In early 2011, IDC's Loren Loverde made headlines by contradicting Steve Jobs' contention that iPad had claimed 90 percent of the tablet market in its first year. Instead, IDC insisted that Samsung by itself had taken a 17 percent share of the tablet market in the final quarter of 2010, based on Samsung's announcement that it had shipped 2 million Galaxy Tabs.

Neil Mawston, a director at Strategy Analytics, also repeated Samsung's 2 million figure for winter quarter 2010 tablet shipments, announcing that "the Samsung Galaxy Tab was the main driver of Android success," because it made up 2 million of the 2.1 million tablets that were said to have shipped with Android. Virtually all of them!

Strategy Analytics also assigned Samsung a 22 percent share of the entire tablet market, somehow reaching a different number than IDC even though both were working with just two significant numbers: Apple's officially reported iPad sales and Samsung's double-speak mumbling of an evasive answer given to analysts during an earnings call.

However, as the Wall Street Journal later reported, Samsung's "2 million" number for 2010 was merely shipments of initial inventory sell-in designed to fill the channel, not actual sales to actual buyers, a concept that has a casual nexus with the idea of a "market" one could have "share" in.

That 2 million figure was presented during Samsung's quarterly earnings call with investors, making the "quite smooth" slip not just misinformation for blogs to repeat, but a deception of the company's investors that led them to think that Samsung was enjoying strong tablet sales when it wasn't.

In fact, over the next year Samsung's entire U.S. tablet sales were on par with other major flops such as Microsoft's Zune and Surface, or Google's Honeycomb tablets, Google TV or Chromebook Pixel.

And as Samsung itself depicted in the above chart, it knew internally that in 2010, the full range of iPad competitors were barely a blip, rather than Samsung alone having the 17 to 22 percent share market researchers had advertised.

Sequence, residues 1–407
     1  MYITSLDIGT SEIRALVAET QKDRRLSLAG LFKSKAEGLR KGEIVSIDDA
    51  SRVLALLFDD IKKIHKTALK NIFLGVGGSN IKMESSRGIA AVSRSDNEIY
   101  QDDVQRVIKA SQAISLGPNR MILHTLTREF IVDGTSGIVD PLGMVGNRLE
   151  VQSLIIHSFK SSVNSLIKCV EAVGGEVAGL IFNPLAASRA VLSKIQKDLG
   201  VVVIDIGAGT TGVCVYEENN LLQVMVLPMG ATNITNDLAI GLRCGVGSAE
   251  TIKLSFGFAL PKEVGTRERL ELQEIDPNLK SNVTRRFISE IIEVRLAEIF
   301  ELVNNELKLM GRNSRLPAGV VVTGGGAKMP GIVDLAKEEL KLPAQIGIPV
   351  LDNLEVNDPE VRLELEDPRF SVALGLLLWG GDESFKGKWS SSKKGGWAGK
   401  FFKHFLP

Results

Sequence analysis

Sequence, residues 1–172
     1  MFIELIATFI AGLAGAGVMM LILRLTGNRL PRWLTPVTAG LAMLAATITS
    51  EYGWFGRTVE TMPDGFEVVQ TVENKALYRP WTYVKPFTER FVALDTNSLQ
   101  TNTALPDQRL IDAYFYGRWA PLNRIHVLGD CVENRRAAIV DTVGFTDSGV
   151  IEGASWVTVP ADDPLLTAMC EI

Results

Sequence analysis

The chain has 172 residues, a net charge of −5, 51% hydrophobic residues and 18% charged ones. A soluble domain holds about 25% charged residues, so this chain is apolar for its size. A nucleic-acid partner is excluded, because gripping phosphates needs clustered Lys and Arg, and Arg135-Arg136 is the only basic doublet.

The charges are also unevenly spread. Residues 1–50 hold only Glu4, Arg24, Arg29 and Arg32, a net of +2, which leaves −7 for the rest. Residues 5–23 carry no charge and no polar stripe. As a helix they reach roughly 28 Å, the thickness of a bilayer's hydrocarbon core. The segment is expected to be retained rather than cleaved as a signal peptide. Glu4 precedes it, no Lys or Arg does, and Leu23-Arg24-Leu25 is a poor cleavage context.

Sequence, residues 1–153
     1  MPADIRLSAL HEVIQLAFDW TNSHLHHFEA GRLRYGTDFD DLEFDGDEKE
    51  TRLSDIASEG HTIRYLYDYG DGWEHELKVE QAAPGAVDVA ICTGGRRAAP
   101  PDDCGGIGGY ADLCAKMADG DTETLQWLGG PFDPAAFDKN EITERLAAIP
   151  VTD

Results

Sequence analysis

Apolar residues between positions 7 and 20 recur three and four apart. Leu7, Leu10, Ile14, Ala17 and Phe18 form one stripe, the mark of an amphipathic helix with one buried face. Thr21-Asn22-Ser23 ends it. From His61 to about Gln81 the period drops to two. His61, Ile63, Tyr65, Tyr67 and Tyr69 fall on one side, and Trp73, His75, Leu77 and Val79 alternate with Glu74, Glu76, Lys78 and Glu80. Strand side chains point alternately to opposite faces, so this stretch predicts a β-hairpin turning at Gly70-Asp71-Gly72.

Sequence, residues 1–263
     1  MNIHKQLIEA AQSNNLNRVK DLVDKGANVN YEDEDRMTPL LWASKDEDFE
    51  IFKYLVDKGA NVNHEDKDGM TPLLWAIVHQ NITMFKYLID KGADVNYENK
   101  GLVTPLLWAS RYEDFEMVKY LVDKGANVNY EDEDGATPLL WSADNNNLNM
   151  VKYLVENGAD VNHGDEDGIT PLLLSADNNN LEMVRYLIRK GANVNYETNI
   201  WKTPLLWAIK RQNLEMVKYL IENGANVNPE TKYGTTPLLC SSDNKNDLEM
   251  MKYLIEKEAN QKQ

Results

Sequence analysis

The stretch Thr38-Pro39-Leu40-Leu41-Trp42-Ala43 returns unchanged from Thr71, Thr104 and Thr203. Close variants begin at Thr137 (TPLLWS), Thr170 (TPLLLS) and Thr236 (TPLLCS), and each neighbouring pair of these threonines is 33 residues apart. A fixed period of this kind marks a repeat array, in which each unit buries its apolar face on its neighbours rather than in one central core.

Galaxy Tab 2011 sales


Previous Samsung tablet sales documents (above) which leaked during the first trial in 2012 harmonize with the U.S. numbers Samsung presented in the documents above: across all of 2011, Samsung sold just under 1 million tablets in the U.S.

A White Box in the Bermuda Triangle

None of the major market research firms appear to have issued U.S. market share data for tablet sales since the iPad was released, preferring to instead publish global market figures that incorporate vast numbers of "white box" devices built by unnamed "other" companies in unspecified markets. This is a marked departure from their PC industry reports, which detail both U.S. and global sales.

Tim Cook


However, as noted by Apple's chief executive Tim Cook, there is no evidence among web usage stats or app sales that support the idea that vast numbers of unbranded tablets are eclipsing the iPad globally. Instead, iPad shows up in web logs as making up an astounding 84 percent of all tablet traffic.

"If there are lots of other tablets selling," Cook said on the subject, "I don't know what they're being used for. Because that's a pretty basic function: web browsing."

Instead, there is strong evidence supporting the idea that Apple's iOS continues to dominate as a mobile device platform, including Microsoft's decision to release Office as an exclusive title for the iPad first.

It also calls into question why IDC, Gartner and Strategy Analytics seem to carefully avoid mention of U.S. market share figures that would provide valuable insight into the domestic market for mobile apps and accessories and illuminate the threat iPads might pose to conventional PCs.

It certainly appears that these market researchers, just like every Android tablet manufacturer, doesn't want to talk about specifics because the facts have nothing good to say about the Android or Windows platforms that indirectly pay the bills of said market research groups.
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Comments

  • Reply 1 of 190
    freerangefreerange Posts: 1,594member
    It just goes to show what we all already know, Apple rocks! The rest are just business hacks.
  • Reply 2 of 190
    "Galaxy Tab quarterly sales in the low hundreds of millions"!!!!